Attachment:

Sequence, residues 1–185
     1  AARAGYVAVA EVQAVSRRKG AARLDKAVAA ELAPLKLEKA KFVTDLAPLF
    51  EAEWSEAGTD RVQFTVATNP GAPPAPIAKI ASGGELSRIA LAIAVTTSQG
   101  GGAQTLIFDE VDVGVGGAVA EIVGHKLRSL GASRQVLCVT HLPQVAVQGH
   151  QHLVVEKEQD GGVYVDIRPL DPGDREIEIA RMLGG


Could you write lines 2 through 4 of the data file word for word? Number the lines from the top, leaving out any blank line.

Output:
     1  AARAGYVAVA EVQAVSRRKG AARLDKAVAA ELAPLKLEKA KFVTDLAPLF
    51  EAEWSEAGTD RVQFTVATNP GAPPAPIAKI ASGGELSRIA LAIAVTTSQG
   101  GGAQTLIFDE VDVGVGGAVA EIVGHKLRSL GASRQVLCVT HLPQVAVQGH